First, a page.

City surveillance cameras give no clues yet in abduction case

White/Tan Lexus believed to be used in attempted abductions.

BUFFALO, N.Y. (WIVB) – Buffalo police continue to investigate four attempted abductions in various neighborhood over a span of two weeks. The only photograph of the suspect vehicle, a white or tan Lexus, was taken by a witness to one of the incidents.

That has many people asking why none of the city’s 208 surveillance cameras captured a solid clue. Especially because one of the cameras hangs at the intersection where the first incident happened.

At the corner of Connecticut and 14th Street, neighbors haven’t stopped talking about the couple driving a white Lexus trying to snatch teens.

“I just want these people off the street,” said Mary-Jane Willis.

“I mean, they tried four different attempts. In two weeks,” exclaimed Ashley Hollins.

One thing baffling the two women is why Buffalo police don’t have a better photograph of the suspect’s vehicle.

The only photo made public was taken by a woman who helped pull a 16 year old girl to safety on Connecticut Street, after the passenger in the Lexus grabbed her.

Hanging above the intersection in question, is one of the Buffalo Police Department’s city surveillance cameras.

“The car was standing over there. So I’m trying to figure out why they didn’t catch the license plate or anybody in the car,” Hollins said.

In a news conference last week, Police Commissioner Daniel Derenda said they don’t have a clear photograph of the suspects’ faces. He said there’s a reason they haven’t given a license plate number.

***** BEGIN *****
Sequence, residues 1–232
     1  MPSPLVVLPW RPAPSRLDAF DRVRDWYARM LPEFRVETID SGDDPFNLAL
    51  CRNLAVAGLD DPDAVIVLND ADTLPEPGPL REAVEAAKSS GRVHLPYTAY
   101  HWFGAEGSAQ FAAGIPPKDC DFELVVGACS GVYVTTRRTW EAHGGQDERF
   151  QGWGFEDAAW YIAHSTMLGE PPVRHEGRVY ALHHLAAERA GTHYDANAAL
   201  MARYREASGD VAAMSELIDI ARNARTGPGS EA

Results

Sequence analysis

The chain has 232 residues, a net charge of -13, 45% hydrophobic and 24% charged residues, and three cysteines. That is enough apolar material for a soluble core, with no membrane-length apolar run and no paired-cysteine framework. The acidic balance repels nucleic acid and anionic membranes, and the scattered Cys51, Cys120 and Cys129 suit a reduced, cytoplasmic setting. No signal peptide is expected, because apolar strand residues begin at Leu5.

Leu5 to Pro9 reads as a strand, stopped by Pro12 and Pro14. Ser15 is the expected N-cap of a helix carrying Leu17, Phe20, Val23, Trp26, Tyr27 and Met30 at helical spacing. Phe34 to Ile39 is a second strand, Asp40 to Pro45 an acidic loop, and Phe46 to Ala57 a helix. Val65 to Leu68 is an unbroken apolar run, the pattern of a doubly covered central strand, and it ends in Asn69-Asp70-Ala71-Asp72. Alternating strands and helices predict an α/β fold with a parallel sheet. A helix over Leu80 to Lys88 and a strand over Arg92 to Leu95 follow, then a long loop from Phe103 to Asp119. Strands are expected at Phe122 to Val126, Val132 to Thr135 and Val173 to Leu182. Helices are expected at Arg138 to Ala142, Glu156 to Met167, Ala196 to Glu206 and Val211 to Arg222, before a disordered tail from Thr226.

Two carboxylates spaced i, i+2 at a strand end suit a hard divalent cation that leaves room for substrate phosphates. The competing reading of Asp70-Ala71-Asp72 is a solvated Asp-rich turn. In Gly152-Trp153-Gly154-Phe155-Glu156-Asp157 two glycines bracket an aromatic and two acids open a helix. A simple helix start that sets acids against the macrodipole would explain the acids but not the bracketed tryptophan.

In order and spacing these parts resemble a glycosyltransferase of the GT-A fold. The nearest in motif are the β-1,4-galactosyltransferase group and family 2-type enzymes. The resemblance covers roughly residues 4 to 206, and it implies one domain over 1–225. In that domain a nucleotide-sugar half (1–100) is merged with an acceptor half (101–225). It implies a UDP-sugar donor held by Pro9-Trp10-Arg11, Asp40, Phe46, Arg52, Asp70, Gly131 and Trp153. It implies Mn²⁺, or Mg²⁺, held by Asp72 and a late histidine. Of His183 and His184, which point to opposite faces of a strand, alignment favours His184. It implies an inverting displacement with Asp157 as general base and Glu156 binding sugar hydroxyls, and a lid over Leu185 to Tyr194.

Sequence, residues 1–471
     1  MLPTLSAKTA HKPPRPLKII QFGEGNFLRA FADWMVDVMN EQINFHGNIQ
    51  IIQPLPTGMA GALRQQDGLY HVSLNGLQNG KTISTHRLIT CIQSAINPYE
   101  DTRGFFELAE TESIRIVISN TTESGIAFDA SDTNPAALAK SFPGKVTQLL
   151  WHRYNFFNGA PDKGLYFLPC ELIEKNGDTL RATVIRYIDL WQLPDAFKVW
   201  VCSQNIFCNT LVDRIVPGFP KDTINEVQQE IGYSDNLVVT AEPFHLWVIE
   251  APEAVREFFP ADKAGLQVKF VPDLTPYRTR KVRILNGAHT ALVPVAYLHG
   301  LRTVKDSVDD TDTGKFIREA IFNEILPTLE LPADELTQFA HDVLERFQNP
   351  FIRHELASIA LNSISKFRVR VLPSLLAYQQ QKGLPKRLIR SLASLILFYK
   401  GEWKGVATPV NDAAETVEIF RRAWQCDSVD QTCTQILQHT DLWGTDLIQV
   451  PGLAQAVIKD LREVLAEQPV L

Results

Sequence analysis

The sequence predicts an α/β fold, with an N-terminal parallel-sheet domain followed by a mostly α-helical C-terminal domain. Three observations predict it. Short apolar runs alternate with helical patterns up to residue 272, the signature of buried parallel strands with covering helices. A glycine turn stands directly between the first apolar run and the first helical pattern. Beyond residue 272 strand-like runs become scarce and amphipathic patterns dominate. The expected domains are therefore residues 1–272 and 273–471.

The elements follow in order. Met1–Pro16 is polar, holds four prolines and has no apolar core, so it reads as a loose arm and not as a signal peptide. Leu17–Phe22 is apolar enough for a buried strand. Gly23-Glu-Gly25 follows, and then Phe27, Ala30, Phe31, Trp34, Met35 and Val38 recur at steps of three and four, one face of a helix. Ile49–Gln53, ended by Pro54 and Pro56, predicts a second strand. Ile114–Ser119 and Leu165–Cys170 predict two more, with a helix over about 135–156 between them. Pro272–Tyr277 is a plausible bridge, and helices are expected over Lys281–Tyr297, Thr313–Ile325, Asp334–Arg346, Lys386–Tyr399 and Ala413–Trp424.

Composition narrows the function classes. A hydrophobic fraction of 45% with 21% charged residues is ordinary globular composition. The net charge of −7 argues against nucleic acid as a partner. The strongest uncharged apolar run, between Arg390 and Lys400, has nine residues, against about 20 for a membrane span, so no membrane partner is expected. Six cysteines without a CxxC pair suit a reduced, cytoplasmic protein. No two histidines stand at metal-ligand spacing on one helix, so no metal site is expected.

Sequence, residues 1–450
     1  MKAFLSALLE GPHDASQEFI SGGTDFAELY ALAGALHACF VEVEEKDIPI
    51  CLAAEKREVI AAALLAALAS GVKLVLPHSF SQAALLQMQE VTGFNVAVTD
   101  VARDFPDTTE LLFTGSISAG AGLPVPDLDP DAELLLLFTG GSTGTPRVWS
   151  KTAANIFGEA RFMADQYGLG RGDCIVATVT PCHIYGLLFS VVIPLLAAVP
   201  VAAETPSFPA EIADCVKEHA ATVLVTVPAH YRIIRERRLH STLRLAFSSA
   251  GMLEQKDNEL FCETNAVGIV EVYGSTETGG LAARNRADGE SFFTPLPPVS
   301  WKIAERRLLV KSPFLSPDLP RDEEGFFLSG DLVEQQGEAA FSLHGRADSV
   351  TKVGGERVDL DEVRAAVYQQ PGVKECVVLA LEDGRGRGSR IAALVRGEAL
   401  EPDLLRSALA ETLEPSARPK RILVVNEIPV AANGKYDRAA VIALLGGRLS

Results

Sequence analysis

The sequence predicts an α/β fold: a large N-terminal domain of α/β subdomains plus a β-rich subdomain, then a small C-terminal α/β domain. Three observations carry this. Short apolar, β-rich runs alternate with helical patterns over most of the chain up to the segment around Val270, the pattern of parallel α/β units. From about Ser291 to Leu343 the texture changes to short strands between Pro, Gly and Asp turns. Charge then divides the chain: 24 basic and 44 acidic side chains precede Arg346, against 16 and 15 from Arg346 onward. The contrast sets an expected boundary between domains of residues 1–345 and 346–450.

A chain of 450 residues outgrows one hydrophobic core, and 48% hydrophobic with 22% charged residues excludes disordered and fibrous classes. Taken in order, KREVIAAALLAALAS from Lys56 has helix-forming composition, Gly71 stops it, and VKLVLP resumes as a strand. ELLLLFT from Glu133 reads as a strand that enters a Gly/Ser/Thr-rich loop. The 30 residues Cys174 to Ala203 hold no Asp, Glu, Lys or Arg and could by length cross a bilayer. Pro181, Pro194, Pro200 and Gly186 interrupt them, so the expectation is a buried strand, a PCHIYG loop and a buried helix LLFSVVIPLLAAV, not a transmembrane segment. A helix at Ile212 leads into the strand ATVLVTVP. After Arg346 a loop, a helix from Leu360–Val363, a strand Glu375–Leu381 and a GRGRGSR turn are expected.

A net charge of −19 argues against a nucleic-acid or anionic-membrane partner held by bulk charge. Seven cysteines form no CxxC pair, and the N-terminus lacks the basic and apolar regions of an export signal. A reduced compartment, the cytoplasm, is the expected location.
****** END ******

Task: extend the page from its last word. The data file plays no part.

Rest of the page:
“Because we don’t have the actual license plate of ‘the’ Lexus. There are different scenarios that are coming up. But we’re not ready to release the license plate until we’re sure it is the vehicle in question,” Derenda said.

Buffalo Common Council member David Rivera says the city surveillance cameras are sophisticated, expensive, and equipped for fighting crime.

“They can actually read a plate number a quarter of a mile down,” Rivera said.

But this camera apparently didn’t read the license plate.

According to Buffalo Police, those surveillance cameras automatically rotate their view a little bit, every ten seconds or so. That could be the reason the Connecticut St. camera didn’t capture as much evidence as you’d expect.

Police are still looking for tips on this case at 847-2255.

Neighbors are just happy at the very least, a quick-thinking resident provided this picture.

“I’m going to applaud that woman for sending that picture in. Because at least we have some kind of a clue as to what’s going on in our community today,” Hollins said.

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